Journal of the Irish Folk Song Society No. 26, pages 1 to 4
Eili Gheal Chiuin Ni Chearbhaill
Tá a cruibh laga maoth is galanta gníomh,
Gan alta, gan smaois, gan féithibh;
'S go mbuainfeadh ón naoi mnáibh ealanta sidhe,
Gérah acfuinneach iad ar théadaibh.
Ar brait ag an naoidhe gá breacadh go caoin
Gach ealta faoi sgríob na gréine,
An eilit 's a laogh, an bradán 's a' faol,
An eala, an chearc fraoich 's a h-éanlaighe.
Breathnaigh-si, a naoidhe, gur cleasach é an saoghal,
'S má mhealltar thú is daor a' tréas é.
Mo mhalairt má nír beidh mallacht na naoimh
Ag fearthain go dian do dhéigh-si
Ní h-abraim gur baos dá rachuinn ar sgaoll,
Nó ar eitill mar ní na h-éanlaighe,
'S gur fá do shamhail-si mhnaoi a deacha an dá laoich,
Cúchulainn is Cúraoi, fó chéile.
Tá'n iomad córn 'n-a n-úrlannaibh dórn
Ag fás go feór 'n-a déigh-si
'N-a sgathanaibh óir a sháruigh an t-ambro,
Agus náirigh óg-mhná na h-Eirne.
Amharc an tseóid dá bhfeicfeadh an treóin-fhear
Iáson cródhach tréitheach,
Gan spairn gan ghleó go bhfáigfeadh go deó
An lomra óir is Medéa.
Páris tráth bhí ar mhalaidh Shléibh' Íd,
'Tabhairt faire gach oidhche ar shréadaibh,
Go bhfaca sé an trlar ban cbuige go dian
Le Mercuri thrld na spéirthibh;
Mo shearc-sa dá mbi 'n-a seasamh 's a' tslighe,
'S dá bhfeicfeadh agus í gan léine,
Gur di-si do shínfeadh an abhull gan spnaoi
Thug an t-ainm ón dis do Bhénus.
Her hands are soft and delicate, and deft in action,
Showing no joints, muscles or sinews;
And she would excel the nine skilled muses,
Dextorous though they were upon the strings.
On a cloak this maiden can finely embroider
Every species of wild bird under the sun,
The deer and her fawn, the salmon and the wolf,
The swan, the grouse and her chickens.
Consider, sweetheart, that the world is deceitful,
And if you are beguiled, dire is the treachery.
If you forsake me for another, the curse of the saints
Shall rain down heavily in pursuit of you.
I cannot call it folly if I should become frenzied,
Or fly in the air like the birds,
And it was for a woman like you that the two heroes,
Cúchulainn and Cúraoi, did battle.
Many ringlets, each a handful (?),
Grow down and meet the grass behind her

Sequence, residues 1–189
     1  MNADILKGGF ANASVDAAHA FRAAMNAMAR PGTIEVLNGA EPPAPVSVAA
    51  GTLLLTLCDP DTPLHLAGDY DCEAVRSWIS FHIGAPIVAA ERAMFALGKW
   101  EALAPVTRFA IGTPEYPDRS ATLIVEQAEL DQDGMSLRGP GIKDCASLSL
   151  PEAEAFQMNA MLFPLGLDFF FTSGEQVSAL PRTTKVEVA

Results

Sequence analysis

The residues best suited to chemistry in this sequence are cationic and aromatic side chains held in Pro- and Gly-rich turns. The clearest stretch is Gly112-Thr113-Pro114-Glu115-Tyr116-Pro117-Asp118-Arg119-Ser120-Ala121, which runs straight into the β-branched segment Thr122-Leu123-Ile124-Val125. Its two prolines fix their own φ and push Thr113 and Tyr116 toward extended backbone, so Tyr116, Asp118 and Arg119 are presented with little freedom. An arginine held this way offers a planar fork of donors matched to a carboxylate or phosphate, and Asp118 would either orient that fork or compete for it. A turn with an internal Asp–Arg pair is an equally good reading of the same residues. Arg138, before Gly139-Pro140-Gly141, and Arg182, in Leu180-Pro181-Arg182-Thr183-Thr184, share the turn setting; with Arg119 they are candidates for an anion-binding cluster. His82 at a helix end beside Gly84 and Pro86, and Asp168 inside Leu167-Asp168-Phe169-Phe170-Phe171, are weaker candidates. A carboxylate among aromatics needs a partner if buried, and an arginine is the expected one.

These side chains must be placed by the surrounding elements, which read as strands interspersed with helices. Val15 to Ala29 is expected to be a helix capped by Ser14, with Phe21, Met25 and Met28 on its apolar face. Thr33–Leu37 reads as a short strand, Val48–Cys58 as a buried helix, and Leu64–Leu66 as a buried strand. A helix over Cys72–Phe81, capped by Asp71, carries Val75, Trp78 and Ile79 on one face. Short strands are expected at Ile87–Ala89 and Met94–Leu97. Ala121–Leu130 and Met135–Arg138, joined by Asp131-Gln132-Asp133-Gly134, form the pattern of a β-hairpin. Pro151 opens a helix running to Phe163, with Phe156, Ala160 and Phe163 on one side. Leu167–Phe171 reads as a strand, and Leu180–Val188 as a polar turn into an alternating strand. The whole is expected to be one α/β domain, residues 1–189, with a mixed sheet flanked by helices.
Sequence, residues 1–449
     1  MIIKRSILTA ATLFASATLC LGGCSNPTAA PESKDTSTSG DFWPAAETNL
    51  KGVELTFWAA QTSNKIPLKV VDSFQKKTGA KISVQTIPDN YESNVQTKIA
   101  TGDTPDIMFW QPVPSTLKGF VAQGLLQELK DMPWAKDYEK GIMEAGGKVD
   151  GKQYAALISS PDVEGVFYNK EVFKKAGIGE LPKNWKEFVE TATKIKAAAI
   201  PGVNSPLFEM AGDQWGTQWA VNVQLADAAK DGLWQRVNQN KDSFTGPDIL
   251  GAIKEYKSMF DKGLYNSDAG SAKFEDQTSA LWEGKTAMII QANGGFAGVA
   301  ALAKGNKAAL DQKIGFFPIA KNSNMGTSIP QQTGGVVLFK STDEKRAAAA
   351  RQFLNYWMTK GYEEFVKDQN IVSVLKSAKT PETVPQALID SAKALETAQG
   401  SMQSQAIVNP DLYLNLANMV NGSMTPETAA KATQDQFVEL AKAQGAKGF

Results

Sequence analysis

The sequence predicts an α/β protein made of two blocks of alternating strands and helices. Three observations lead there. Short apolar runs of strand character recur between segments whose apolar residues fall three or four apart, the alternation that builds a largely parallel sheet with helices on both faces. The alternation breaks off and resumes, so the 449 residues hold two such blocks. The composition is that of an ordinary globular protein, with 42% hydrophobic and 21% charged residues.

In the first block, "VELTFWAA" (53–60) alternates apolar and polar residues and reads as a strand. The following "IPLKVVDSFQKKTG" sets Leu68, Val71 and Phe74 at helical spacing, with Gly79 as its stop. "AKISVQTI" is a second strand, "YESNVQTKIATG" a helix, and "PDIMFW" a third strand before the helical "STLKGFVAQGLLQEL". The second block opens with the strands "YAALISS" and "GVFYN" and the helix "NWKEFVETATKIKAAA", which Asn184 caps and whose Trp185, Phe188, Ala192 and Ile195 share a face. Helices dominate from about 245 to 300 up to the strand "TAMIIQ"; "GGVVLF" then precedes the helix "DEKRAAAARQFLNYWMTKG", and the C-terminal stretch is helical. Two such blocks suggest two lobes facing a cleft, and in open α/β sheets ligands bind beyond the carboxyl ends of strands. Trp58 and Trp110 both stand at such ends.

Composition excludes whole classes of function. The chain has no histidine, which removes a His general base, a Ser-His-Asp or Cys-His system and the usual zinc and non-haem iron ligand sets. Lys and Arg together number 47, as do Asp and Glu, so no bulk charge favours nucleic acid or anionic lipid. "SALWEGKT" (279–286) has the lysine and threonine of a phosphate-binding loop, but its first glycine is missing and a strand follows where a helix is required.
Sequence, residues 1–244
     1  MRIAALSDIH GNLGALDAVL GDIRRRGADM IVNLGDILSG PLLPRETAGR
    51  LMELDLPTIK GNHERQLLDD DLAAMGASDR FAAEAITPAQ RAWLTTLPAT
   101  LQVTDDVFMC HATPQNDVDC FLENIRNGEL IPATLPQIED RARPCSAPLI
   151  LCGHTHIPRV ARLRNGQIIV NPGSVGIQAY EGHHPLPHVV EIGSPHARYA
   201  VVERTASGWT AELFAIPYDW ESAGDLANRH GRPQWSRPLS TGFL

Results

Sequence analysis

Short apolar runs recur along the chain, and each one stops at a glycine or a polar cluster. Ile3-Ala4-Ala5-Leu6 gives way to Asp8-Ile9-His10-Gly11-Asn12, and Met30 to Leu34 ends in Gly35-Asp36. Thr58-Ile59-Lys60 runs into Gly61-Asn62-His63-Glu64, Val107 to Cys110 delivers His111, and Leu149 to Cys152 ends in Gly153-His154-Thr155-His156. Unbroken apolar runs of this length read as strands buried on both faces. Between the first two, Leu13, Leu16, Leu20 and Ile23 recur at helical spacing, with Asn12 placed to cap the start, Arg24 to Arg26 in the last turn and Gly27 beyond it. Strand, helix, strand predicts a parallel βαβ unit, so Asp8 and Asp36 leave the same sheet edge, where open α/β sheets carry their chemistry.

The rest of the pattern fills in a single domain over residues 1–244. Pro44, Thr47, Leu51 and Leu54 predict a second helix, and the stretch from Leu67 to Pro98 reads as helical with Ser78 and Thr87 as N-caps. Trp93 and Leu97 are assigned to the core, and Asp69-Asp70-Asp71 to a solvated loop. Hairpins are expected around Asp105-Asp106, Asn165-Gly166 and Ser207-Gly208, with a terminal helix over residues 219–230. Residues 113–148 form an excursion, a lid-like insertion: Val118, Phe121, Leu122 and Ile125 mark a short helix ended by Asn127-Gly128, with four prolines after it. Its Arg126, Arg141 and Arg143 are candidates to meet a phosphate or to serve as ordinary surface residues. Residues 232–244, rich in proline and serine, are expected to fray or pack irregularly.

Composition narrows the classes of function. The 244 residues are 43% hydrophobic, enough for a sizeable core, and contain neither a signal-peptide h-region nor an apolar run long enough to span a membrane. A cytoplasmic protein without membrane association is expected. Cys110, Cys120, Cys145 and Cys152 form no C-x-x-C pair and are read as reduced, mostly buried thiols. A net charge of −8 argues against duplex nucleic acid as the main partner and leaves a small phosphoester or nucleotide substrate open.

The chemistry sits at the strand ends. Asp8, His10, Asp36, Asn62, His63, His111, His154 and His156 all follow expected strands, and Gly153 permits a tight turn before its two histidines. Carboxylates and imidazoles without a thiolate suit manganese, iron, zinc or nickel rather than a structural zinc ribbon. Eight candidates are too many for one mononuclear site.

In wisps of gold more lovely than amber,
Putting the young women of the Erne to shame.
Had my jewel been seen by that warrior,
Jason the valiant and resourceful,
Without struggle or contest he would have left for ever
The golden fleece and Medea.
Once Paris was on Mount Ida's brow,
Nightly watching his flocks,
When he spied the three goddesses rapidly approaching him
With Mercury through the heavens:
Had my love been standing in his path,
And he had seen her undraped,
It is to her he would unhesitatingly (?) have given the apple
Which gave the title from the other twain to Venus.
No other version appears to have been printed. In addition to the two copies on which the above text is
based, there are others in (Bunting) MS. 11, p. 38 and MS 26, sheet 27. In no case is there any
indication of origin, and in no case do the readings afford any help for solving the difficulties which
have occasioned the insertion of queries in the translation.
The fair maid for whom Cuchulainn and Cúraoi did battle (verse II) is of course Blanaid (Keating, Foras
Feasa, II, pp. 222—226).
Professor O'Toole tells me that in the MS. of Peter Gallegan, in the Library of the University of
Edinburgh, there is a poem (p. 74) entitled "Ailís Nuí Chearbhuill," attributed to "Mac Cúarta" and
"Tá lile gan smúid ar m'aire-sa lúathughadh
'S ní cheiliom a cliú go dearbhtha."
As the verses printed above are headed in some of the MSS. "A new song to the tune of 'Eilí gheal chiúin
Ni Chearbhuil.'" it may well be that the Edinburgh poem is the original song for the tune.
Bunting printed with the tune Thomas Campbell's well known verses beginning:
"A chieftain to the highlands bound."